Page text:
Victim of Monsey stabbing attack may never recover, family says
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Victim of Monsey stabbing attack may never recover, family says

Josef Neumann remains unconscious and on respirator

Members of Rabbi Chaim Rottenberg's community in Monsey, N.Y., gather in front of the house where five people were injured in a knife attack during a Hanukkah party. (Stephanie Keith/Getty Images)
Members of Rabbi Chaim Rottenberg's community in Monsey, N.Y., gather in front of the house where five people were injured in a knife attack during a Hanukkah party. (Stephanie Keith/Getty Images)

A 71-year-old man wounded in the stabbing attack on a rabbi’s home in Monsey, New York, remains unconscious and on a respirator.

The doctors for Josef Neumann are not optimistic that he will regain consciousness, his family said in a statement released by the Orthodox Jewish Public Affairs Council. If Neumann does “miraculously” partly recover, the doctors say, he is expected to have permanent brain damage that will leave him partially paralyzed and speech-impaired for the rest of his life.

The attacker’s knife penetrated Neumann’s skull and cut into his brain, according to the statement. Because of his condition, doctors have not been able to operate on his shattered right arm.

The statement said that Neumann has seven children, “many grandchildren,” a great-grandchild, and brothers and sisters.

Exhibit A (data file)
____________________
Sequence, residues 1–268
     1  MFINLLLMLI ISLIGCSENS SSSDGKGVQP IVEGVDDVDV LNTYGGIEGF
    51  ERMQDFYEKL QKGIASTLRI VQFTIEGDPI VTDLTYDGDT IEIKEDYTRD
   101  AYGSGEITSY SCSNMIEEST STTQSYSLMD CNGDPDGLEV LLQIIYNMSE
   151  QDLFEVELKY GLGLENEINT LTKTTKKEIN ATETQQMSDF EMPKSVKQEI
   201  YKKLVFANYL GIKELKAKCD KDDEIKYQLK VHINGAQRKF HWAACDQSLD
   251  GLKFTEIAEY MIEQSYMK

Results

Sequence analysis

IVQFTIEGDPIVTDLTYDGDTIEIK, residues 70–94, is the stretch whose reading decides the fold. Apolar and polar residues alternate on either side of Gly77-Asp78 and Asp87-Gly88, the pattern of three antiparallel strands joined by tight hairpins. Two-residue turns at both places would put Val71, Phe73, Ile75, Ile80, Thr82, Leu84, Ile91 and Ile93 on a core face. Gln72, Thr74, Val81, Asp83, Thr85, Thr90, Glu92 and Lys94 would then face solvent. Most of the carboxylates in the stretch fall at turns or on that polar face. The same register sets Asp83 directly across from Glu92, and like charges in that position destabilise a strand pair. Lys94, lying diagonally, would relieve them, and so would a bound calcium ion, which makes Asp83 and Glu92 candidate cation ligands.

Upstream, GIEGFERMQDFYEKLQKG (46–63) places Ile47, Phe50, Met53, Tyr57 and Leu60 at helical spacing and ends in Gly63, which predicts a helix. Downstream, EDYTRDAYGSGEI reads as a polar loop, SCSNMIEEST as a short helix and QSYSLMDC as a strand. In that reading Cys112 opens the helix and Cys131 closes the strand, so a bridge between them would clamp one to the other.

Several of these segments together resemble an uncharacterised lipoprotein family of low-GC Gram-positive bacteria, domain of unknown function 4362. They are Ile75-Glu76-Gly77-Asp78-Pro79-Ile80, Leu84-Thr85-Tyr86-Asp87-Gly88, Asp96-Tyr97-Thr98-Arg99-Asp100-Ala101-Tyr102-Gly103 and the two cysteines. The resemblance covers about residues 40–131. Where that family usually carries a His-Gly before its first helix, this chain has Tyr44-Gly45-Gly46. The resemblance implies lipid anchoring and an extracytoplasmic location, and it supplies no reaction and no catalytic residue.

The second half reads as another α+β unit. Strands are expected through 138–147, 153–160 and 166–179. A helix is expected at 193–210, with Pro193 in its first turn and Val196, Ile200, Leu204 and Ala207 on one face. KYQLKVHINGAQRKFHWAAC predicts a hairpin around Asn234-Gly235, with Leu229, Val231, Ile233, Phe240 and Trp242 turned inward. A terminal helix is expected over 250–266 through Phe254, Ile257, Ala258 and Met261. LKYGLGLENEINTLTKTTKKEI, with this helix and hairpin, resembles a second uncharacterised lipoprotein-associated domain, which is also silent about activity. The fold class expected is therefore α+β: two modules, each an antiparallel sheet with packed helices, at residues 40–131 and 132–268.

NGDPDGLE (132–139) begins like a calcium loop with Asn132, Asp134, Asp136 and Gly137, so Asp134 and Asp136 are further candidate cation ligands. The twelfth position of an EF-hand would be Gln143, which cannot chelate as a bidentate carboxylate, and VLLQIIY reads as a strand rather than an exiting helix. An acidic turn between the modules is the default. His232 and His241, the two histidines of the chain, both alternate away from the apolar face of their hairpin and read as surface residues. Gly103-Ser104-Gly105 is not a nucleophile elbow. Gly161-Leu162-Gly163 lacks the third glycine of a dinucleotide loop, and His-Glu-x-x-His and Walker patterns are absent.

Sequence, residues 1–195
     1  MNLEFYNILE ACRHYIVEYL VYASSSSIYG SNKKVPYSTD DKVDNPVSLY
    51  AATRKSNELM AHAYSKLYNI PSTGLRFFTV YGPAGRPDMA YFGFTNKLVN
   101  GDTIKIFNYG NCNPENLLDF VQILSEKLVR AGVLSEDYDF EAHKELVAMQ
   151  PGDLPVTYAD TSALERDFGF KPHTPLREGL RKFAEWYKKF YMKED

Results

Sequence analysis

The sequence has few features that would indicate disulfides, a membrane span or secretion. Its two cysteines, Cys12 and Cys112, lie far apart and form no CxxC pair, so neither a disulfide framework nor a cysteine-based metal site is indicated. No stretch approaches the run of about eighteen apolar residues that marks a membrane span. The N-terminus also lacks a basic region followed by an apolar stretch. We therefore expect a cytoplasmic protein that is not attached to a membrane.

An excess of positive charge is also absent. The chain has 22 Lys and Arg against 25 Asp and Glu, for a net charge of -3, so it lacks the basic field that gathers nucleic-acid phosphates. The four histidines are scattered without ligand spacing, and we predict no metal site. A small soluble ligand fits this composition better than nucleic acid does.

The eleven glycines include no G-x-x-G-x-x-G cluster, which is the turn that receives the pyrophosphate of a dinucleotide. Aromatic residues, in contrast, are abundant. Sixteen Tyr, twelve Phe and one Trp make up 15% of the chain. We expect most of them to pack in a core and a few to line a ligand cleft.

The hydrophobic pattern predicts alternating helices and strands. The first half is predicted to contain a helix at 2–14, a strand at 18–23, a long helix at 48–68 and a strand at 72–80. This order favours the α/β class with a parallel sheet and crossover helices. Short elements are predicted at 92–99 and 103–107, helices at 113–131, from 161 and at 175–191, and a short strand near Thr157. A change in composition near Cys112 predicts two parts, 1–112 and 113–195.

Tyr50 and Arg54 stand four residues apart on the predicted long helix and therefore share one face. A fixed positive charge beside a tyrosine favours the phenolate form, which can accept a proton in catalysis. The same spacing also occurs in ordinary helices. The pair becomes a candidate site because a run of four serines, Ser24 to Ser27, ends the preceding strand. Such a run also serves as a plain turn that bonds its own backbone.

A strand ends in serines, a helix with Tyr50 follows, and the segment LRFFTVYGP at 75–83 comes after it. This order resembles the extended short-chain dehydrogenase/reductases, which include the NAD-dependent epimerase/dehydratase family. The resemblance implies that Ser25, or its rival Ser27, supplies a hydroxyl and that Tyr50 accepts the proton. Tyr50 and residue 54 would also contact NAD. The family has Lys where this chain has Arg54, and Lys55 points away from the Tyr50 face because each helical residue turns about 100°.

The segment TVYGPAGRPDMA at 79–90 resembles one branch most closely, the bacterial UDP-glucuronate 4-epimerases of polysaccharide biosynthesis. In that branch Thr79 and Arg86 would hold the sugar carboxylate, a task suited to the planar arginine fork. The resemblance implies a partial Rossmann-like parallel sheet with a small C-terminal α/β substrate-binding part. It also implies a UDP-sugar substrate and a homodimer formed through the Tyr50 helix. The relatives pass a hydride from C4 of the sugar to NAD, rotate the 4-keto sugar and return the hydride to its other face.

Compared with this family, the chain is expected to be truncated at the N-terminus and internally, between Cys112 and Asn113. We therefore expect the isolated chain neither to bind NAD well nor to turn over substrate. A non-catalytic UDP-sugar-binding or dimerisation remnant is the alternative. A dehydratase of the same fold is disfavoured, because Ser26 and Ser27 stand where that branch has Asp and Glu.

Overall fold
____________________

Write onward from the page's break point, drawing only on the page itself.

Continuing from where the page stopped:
“We urge fellow Jews across the United States and around the globe to please share on social media their own experiences with anti-Semitism and add the hashtag #MeJew,” the family said. “We shall not let this terrible hate-driven attack be forgotten, and let us all work to eradicate all sorts of hate.”

The Saturday night attack at the home of Rabbi Chaim Rottenberg left five people injured.

Prosecutors filed federal hate crimes charges Monday against the alleged attacker, Grafton Thomas, 37, of Greenwood Lake, New York. Thomas’s family said in a statement after he was arraigned on Sunday that he “had a long history of mental illness and hospitalizations” and “no known history of anti-Semitism.”

Police found handwritten journals expressing anti-Semitic views, including references to Adolf Hitler and “Nazi culture,” and drawings of a Star of David and a swastika at his home, and used his phone to look up information about Hitler, hatred of Jews, and the location of nearby synagogues.

 

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